By Arlenis Marmolejos
Students and faculty gathered at the candlelight vigil for Israel on Oct. 10 outside the library.
(Photo by Arlenis Marmolejos)
As the Israel-Hamas War unfolds, Purchase grapples with its pressing impact and sparks dialogues at Hillel-organized events.
Seventy-five years worth of violence, religious, and political feuds have once again led to conflict between Israel and Palestine. On Oct. 7, a terrorist group known as Hamas, which governs the Palestinian Gaza Strip, launched a surprise attack on Israel. In retaliation, the Israeli government declared war against Hamas. The Israeli-Palestine conflicts have developed from gaining limited success in peacefully negotiating complex disputes over territory, borders, and political sovereignty rooted in various religious and historical factors.
“If you’re making excuses for these monsters, then you're part of the problem!” said Esti Heller, a senior creative writing major and the president of Hillel at Purchase, a Jewish nonprofit organization, that organized a candlelight vigil for Israel on the evening of Oct. 10.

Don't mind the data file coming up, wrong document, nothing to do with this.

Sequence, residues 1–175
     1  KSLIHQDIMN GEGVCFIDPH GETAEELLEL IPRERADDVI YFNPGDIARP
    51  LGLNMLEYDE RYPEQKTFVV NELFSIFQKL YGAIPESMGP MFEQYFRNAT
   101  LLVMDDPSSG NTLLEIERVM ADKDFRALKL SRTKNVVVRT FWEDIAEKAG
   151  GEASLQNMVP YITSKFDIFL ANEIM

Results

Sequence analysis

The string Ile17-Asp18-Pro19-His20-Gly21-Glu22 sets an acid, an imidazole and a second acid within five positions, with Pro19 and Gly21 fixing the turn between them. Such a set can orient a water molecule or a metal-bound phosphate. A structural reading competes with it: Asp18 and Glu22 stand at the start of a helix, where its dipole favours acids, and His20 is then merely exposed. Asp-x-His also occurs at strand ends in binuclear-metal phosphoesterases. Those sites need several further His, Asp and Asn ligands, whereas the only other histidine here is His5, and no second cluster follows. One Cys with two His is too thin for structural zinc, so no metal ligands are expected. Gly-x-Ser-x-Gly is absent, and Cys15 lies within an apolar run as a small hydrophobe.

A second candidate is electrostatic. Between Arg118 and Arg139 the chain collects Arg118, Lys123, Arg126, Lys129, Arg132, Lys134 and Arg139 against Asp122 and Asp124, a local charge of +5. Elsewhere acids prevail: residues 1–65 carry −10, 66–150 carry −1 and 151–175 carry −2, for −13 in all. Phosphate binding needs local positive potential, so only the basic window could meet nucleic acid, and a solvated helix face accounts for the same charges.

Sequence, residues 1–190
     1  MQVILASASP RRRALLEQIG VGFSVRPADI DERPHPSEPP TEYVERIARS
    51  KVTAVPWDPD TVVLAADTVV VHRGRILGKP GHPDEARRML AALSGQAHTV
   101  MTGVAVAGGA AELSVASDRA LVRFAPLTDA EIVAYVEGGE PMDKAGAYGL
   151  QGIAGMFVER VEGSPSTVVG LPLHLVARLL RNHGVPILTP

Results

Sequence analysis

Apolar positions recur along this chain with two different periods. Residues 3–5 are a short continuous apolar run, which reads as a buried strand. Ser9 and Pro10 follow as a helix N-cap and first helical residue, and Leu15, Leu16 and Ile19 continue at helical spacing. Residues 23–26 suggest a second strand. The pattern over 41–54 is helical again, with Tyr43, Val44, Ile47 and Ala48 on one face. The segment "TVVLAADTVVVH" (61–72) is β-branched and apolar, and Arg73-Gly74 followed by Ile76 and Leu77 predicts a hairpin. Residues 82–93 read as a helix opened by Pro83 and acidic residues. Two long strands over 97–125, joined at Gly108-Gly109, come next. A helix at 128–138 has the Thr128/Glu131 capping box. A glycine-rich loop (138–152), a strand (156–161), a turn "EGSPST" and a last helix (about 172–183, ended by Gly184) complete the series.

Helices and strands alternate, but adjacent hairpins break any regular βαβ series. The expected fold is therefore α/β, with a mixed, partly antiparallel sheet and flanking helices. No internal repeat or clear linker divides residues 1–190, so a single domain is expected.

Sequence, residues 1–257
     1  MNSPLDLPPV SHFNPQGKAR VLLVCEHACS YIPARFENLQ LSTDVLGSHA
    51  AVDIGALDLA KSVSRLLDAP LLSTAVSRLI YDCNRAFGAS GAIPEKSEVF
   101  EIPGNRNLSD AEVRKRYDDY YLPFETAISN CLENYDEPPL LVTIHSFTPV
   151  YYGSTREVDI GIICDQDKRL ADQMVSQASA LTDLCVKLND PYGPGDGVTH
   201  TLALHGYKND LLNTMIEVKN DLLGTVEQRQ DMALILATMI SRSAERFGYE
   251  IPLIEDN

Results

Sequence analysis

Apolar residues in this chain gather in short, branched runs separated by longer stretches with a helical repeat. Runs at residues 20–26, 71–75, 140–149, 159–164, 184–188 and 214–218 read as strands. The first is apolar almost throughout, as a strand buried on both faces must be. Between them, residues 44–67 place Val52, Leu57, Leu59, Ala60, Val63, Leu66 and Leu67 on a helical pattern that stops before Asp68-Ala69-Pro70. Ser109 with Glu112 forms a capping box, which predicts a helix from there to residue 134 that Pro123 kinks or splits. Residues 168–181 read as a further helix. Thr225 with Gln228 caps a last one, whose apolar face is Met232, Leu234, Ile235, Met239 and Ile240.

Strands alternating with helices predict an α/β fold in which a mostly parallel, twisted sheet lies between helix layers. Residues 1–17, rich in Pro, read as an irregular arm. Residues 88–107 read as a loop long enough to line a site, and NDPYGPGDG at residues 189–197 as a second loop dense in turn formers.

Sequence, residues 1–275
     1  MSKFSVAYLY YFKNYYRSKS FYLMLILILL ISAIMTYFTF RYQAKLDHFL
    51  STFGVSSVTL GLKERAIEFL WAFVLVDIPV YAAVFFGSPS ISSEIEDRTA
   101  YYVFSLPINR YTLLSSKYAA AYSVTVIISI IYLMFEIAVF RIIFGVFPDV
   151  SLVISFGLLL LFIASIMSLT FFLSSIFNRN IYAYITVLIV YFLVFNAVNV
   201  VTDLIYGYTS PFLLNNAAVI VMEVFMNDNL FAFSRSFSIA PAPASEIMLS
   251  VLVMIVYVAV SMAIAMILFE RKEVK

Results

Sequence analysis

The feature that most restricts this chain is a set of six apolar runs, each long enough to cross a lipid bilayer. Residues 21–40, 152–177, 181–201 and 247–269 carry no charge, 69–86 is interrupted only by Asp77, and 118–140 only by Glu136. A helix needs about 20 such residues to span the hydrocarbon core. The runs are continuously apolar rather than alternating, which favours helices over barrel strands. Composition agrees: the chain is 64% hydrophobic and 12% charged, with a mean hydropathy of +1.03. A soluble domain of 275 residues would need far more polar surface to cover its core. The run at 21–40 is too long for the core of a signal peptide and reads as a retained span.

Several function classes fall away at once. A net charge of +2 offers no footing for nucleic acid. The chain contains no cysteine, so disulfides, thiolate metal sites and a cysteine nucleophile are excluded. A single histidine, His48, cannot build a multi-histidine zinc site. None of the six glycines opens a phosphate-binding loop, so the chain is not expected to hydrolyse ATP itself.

Heller voiced how Hamas are a group of “terrorists, the lowest of the low, the scum of the earth, who have targeted hundreds of civilians, innocents, and babies,” to a crowd of about 40 students and a few faculty and administrators. “We will not be okay until everyone has been rescued in Gaza and we will continue to not be okay, until we know you are standing with us against anti-Semitism.”
On Oct. 9, the Chief of New York State University Police (UPD), Dayton Tucker, updated the campus community in an email about its security measures in battling anti-Semitism and reinforcing the UPD’s support for mourning lives that have been lost in after the war was declared.
The Purchase College President, Dr. Milagros Peña, denounced Hamas’ “heinous attacks” towards the civilians of Israel in a mass email sent last Tuesday. Moreover, Peña recognized the horror and harm many Palestinians may be enduring especially, “the residents of Gaza, who have already been living with generational trauma and diminished quality of life.”